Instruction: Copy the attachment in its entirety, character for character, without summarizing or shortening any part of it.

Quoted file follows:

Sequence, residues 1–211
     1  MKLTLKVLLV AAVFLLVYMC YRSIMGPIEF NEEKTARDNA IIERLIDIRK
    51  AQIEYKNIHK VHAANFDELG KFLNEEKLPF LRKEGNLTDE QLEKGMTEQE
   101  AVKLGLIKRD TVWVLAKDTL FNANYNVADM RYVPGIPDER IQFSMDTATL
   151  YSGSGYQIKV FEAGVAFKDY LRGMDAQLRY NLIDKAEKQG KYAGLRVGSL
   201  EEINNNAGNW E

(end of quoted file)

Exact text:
Sequence, residues 1–211
     1  MKLTLKVLLV AAVFLLVYMC YRSIMGPIEF NEEKTARDNA IIERLIDIRK
    51  AQIEYKNIHK VHAANFDELG KFLNEEKLPF LRKEGNLTDE QLEKGMTEQE
   101  AVKLGLIKRD TVWVLAKDTL FNANYNVADM RYVPGIPDER IQFSMDTATL
   151  YSGSGYQIKV FEAGVAFKDY LRGMDAQLRY NLIDKAEKQG KYAGLRVGSL
   201  EEINNNAGNW E